When Sam Pope Brewer, the New York Times correspondent, arrived at the bar in his three-piece suit around 11 a.m. for his daily rendezvous with CIA operative Wilbur Crane Eveland, the Gibson Martini was the refreshment of choice.
For Time magazine’s John Mecklin, on the other hand, the preferred potation at the start of the working day was Scotch and water. As for Kim Philby—ostensibly a reporter for The Observer and The Economist, but in fact perhaps the most infamous double agent of the entire Cold War—he was a late starter, not arriving for his first gin and tonic till 1 p.m. It wasn’t that Moscow’s most valuable man in MI6 was any more temperate than his peers; he simply preferred to wet the whistle at another establishment down the road beforehand.
So began a typical day at Beirut’s St. George Hotel in the late 1950s, according to then-Radio Free Europe reporter Saïd K. Aburish, another regular patron who later authored The St. George Hotel Bar: International Intrigue in Old Beirut (Bloomsbury, 1989). With apéritifs duly imbibed, the day’s business got underway. Depending on who else walked in throughout the afternoon, this business could involve plotting the restoration of monarchy in Baghdad with Iraqi exiles, subverting a particular branch of the Saudi royal family, helping a would-be assassin of the Syrian president flee the country, or taking a lustrous CIA espionne out dancing for a week to sustain her cover (Aburish ended up marrying her). Presumably, at some point, the reporters also did journalism.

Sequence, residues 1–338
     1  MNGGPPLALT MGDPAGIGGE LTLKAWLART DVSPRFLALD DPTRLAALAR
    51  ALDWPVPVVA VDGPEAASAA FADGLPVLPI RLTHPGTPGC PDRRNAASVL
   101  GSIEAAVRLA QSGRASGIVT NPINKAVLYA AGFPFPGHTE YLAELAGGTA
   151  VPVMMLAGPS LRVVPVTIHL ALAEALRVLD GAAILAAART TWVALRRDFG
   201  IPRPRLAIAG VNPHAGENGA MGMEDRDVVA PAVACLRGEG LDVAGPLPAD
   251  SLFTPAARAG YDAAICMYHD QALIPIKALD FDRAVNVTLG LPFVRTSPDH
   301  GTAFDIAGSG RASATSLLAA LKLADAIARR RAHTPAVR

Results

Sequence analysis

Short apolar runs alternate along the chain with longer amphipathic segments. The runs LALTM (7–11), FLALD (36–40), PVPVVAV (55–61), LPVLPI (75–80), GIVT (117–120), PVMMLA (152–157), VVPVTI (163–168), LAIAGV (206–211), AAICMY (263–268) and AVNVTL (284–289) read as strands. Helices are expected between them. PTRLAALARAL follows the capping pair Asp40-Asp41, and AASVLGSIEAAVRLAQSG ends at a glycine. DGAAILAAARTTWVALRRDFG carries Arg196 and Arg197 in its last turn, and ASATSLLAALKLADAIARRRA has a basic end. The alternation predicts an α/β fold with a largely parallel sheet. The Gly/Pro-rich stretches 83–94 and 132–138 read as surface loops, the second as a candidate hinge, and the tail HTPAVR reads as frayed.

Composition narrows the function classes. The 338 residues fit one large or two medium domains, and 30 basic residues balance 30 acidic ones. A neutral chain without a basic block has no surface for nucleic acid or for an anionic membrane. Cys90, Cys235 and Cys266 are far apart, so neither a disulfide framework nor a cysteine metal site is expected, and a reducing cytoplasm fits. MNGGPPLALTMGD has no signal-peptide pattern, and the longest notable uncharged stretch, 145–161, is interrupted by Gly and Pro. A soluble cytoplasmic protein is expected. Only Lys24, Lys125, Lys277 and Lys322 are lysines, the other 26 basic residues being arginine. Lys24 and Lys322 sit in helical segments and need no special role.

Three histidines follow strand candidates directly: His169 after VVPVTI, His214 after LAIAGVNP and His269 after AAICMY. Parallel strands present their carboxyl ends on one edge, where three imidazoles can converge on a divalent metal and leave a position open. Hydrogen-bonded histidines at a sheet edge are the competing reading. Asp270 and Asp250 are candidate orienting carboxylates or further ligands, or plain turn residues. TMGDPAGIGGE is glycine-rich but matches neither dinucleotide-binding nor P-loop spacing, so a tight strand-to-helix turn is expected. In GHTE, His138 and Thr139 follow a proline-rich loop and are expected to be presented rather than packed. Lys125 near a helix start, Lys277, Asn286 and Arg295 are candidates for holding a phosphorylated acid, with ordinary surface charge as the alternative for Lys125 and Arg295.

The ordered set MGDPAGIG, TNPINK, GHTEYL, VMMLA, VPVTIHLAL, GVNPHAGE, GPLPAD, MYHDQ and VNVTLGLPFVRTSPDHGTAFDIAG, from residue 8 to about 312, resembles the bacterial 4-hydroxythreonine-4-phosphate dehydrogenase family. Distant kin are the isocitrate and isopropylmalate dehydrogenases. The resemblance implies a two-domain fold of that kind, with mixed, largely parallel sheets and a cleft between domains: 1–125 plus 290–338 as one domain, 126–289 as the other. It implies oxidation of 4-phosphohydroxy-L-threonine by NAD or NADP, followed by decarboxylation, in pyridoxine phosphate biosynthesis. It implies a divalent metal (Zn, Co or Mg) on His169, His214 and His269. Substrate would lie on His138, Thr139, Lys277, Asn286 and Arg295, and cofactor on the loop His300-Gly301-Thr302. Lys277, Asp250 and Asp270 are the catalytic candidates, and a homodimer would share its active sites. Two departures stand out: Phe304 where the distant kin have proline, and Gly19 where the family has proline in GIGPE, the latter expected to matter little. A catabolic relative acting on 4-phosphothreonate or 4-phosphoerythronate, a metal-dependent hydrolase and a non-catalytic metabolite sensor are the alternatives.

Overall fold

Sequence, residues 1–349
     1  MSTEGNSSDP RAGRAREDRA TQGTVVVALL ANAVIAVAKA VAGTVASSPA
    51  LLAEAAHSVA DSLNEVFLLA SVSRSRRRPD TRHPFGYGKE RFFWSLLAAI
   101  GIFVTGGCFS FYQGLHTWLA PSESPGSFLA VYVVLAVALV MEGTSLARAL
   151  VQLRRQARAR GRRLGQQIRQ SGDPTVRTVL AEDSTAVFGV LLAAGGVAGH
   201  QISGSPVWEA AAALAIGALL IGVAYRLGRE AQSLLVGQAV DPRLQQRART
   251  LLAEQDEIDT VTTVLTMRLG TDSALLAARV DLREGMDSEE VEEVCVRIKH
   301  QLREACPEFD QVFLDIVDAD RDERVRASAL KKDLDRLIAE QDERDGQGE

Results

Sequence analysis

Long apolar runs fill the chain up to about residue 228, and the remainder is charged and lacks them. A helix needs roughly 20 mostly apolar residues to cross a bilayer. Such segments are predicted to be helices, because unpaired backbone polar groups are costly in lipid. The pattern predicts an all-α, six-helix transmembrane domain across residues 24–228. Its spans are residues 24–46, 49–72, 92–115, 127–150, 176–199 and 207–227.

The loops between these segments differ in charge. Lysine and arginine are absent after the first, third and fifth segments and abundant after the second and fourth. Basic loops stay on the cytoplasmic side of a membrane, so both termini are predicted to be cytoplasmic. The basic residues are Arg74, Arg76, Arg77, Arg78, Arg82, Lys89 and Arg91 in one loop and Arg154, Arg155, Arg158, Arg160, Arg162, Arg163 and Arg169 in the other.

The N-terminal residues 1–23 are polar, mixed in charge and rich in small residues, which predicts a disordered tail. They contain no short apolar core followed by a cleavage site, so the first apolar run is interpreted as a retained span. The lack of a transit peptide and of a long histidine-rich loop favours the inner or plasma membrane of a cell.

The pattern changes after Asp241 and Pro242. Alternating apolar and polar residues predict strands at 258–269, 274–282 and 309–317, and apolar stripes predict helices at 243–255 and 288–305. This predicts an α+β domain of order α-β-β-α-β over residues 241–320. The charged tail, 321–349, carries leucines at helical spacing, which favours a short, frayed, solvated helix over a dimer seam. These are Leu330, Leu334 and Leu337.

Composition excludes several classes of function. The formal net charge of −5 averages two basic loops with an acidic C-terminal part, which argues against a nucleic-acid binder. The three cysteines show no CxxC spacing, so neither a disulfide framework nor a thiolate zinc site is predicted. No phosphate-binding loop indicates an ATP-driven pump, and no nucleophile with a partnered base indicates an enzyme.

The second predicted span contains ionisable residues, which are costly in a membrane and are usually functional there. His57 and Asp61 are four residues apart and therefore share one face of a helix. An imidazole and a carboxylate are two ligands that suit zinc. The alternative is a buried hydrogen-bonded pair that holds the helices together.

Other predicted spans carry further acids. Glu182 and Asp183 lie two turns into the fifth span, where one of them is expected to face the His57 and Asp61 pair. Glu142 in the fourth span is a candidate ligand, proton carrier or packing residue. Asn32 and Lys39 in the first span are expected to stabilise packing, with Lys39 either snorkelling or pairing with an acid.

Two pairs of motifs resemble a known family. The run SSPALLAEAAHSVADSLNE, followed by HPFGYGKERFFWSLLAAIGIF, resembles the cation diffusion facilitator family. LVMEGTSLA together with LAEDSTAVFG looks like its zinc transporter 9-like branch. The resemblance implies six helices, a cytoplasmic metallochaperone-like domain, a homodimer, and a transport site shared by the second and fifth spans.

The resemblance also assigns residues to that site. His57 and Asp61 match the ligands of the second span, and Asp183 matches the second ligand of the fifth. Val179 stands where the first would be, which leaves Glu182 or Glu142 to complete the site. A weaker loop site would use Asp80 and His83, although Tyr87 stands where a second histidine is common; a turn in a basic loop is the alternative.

This was ground zero of what the CIA’s Miles Copeland, himself a familiar face at the bar, described in his eponymous 1969 book as the “Game of Nations.” Within the Middle East, Lebanon had taken on unique strategic significance in the first few decades of the Cold War. An officially-neutral medley of political and religious identities, with Swiss-style banking secrecy, and a polyglot ruling class renowned for anything-goes decadence and venality, it was a geopolitical midpoint between then-radical Egypt and the conservative Gulf kingdoms; between Washington’s foe in Syria and its ally in Israel. Britain’s MI6 made the Lebanese capital their regional headquarters after the 1956 Suez fiasco. So crucial, indeed, was the tiny Mediterranean state deemed that in ‘58 the U.S. Marines were sent in to defend the government against the apparent prospect of a left-wing, pro-Soviet revolution (of the kind that, just one day previously, had undone the Western-backed monarchy in Iraq); the only instance worldwide of the Eisenhower Doctrine being applied militarily on the ground. From the 1949 coup in Damascus to the 1953 one in Tehran, to innumerable assassination attempts and arms deals from Amman to Aden, few were the intrigues without some connection or other to the St. George. To paraphrase Aburish, if Beirut was the center of the Middle East, then the St. George was the center of Beirut—and the bar was the center of the St. George.